Cancer stem cells (CSC) have been postulated to be responsible for the key features of a malignancy and its maintenances, as well as therapy resistance, while differentiated cells are believed to make up the rapidly growing tumour bulk. It is therefore important to understand the characteristics of those two distinct cell populations in order to devise treatment strategies which effectively target both cohorts, in particular with respect to cancers, such as glioblastoma.
Normal human embryonic stem cells (hESCs) can develop neoplastic cancer stem cell (CSC) properties after coculture with transformed hESCs in vitro.
Cancer stem cells (CSCs) or cancer initiating cells (CICs) maintain self-renewal and multilineage differentiation properties of various tumors, as well as the cellular heterogeneity consisting of several subpopulations within tumors.
They constitute the diverse hierarchy of cells composing a tumor. When xenografted into an appropriate host, they are capable of tumorigenesis.
CSCs display the malignant phenotype, self-renewal ability, altered genomic stability, specific epigenetic signature, and most of the time can be phenotyped by cell surface markers (e.g., CD133, CD24, and CD44).
Numerous studies support the concept that non-stem cancer cells (non-CSCs) are sensitive to cancer therapy while CSCs are relatively resistant to treatment 1).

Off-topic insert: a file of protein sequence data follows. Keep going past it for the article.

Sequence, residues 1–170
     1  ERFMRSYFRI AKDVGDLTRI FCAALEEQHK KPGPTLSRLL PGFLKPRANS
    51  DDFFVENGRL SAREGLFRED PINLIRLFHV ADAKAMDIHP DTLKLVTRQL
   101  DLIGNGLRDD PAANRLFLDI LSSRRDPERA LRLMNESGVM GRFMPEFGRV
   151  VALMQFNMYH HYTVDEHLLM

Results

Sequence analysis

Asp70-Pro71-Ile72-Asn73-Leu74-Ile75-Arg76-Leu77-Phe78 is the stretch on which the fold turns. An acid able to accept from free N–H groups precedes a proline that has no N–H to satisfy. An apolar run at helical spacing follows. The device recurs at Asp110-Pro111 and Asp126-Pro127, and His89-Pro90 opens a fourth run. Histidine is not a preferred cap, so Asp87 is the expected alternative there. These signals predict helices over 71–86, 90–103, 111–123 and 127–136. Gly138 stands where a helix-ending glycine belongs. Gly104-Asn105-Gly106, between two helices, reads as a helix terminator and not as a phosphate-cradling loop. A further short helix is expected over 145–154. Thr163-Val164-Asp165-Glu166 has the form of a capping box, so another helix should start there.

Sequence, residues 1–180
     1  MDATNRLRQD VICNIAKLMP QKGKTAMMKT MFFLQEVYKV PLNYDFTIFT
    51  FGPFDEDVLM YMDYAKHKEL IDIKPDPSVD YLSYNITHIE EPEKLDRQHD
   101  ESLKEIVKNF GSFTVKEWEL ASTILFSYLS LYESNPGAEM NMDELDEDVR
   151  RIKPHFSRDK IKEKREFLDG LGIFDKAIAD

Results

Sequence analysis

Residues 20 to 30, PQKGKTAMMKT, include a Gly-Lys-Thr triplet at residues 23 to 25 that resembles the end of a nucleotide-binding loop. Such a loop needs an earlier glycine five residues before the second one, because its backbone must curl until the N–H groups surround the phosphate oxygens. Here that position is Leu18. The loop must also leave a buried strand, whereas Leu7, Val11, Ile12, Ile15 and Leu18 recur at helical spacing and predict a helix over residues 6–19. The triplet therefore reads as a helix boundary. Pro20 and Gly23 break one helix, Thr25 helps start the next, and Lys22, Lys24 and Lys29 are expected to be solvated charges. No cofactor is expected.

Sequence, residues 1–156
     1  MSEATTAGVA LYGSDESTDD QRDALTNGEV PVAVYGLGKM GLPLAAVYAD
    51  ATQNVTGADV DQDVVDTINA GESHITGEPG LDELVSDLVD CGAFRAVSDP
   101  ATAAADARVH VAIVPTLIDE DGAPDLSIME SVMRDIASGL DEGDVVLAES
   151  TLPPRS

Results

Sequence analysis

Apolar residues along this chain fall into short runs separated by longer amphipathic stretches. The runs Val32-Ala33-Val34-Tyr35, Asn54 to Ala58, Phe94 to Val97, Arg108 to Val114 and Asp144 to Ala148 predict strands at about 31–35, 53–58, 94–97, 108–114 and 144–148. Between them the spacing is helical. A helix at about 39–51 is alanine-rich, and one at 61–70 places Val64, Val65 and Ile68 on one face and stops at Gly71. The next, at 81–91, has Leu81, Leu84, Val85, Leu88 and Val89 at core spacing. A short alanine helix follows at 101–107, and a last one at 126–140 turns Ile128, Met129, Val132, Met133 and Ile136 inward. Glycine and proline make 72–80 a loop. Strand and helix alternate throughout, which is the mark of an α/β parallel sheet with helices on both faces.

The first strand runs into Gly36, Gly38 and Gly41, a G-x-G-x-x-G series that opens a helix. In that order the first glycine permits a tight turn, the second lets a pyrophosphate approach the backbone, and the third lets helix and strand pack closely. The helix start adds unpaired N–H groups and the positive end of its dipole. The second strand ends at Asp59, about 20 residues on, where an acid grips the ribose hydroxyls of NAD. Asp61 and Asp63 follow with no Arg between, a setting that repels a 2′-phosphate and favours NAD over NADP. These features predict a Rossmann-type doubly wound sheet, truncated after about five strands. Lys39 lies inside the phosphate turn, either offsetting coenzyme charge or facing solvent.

In glioblastoma stem cells (GSCs), there is clonal heterogeneity at the genetic level with distinct tumorigenic potential, and defined GSC marker expression resulting from clonal evolution which is likely to influence disease progression and response to treatment.
Given the critical role of cancer stem cells in the pathogenesis of glioblastoma, research into their molecular and phenotypic characteristics is a therapeutic priority 2).
They are functionally defined by their ability to self-renew and propagate tumors similar to the parental tumors from which they are derived. While the field of cancer stem cell biology is relatively young, continued elucidation of the tumor hierarchy holds promise for the development of novel patient therapies 3).
Cancer stem cells contribute to glioma radioresistance by an increase of DNA repair capacity through preferential activation of the DNA damage response checkpoints.
Mesenchymal stem cells and/or neural stem cells were shown to target brain tumors therefore these cells are considered as an effective delivery system to target and disseminate therapeutic agents to brain tumors. Stem cell therapy for glioblastoma were shown in experiments to be effective way to target brain tumors.
BMP4 reduces effectively proliferation of CD133 positive cells in vitro and the tumor growth in vivo. BMP4 may act as a key inhibitory regulator of cancer initiation and therefore may be used in combined stem cell-based therapy as a non-cytotoxic therapeutic agent 4).
Patients with glioblastoma multiforme (GBM) that are cancer stem cell positive (GSC [+]) essentially cannot benefit from antiangiogenic therapy. In a study, the potential anti-angiogenic and anti-invasive effects of Olea europaea (olive) leaf extract (OLE) were tested using GSC (+) tumours. OLE (2mg/mL) caused a significant reduction in tumour weight, vascularisation, invasiveness and migration (p=0.0001, p<0.001, p=0.004; respectively) that was associated with reducing the expression of VEGFA, MMP-2 and MMP-9. This effect was synergistically increased in combination with bevacizumab. Therefore, our current findings may contribute to research on drugs that inhibit the invasiveness of GBM 5).